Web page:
Two recent studies (Farashahi et al. and Rouault et al.) provide compelling evidence refuting the Subjective Expected Utility (SEU) hypothesis as a ground model describing human decision-making. Together, these studies pave the way towards a new model that subsumes the notion of decision-making and adaptive behavior into a single account.

On the importance of dynamics and diversity in (cognitive) symbol systems

Tadahiro Taniguchi; Emre Ugur; Matej Hoffmann; Lorenzo Jamone; Takayuki Nagai; Benjamin Rosman, Symbol Emergence in Cognitive Developmental Systems: A Survey, IEEE Transactions on Cognitive and Developmental Systems ( Volume: 11, Issue: 4, Dec. 2019), DOI: 10.1109/TCDS.2018.2867772.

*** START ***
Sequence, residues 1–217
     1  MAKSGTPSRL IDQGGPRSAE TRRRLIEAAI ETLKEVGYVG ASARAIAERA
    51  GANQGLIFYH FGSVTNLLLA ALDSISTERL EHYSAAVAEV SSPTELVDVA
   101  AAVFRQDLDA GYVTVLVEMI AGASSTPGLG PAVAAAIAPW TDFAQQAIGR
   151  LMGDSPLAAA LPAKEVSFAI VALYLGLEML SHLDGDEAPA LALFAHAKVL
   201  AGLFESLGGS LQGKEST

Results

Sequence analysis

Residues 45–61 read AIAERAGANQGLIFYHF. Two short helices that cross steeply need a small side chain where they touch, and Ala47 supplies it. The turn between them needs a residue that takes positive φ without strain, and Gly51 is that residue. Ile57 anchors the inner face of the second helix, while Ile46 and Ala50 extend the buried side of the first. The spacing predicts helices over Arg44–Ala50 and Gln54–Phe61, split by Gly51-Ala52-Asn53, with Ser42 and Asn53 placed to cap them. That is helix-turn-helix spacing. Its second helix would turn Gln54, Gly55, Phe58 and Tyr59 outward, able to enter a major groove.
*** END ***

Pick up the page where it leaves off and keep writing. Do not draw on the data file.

Humans use signs, e.g., sentences in a spoken language, for communication and thought. Hence, symbol systems like language are crucial for our communication with other agents and adaptation to our real-world environment. The symbol systems we use in our human society adaptively and dynamically change over time. In the context of artificial intelligence (AI) and cognitive systems, the symbol grounding problem has been regarded as one of the central problems related to symbols. However, the symbol grounding problem was originally posed to connect symbolic AI and sensorimotor information and did not consider many interdisciplinary phenomena in human communication and dynamic symbol systems in our society, which semiotics considered. In this paper, we focus on the symbol emergence problem, addressing not only cognitive dynamics but also the dynamics of symbol systems in society, rather than the symbol grounding problem. We first introduce the notion of a symbol in semiotics from the humanities, to leave the very narrow idea of symbols in symbolic AI. Furthermore, over the years, it became more and more clear that symbol emergence has to be regarded as a multifaceted problem. Therefore, second, we review the history of the symbol emergence problem in different fields, including both biological and artificial systems, showing their mutual relations. We summarize the discussion and provide an integrative viewpoint and comprehensive overview of symbol emergence in cognitive systems. Additionally, we describe the challenges facing the creation of cognitive systems that can be part of symbol emergence systems.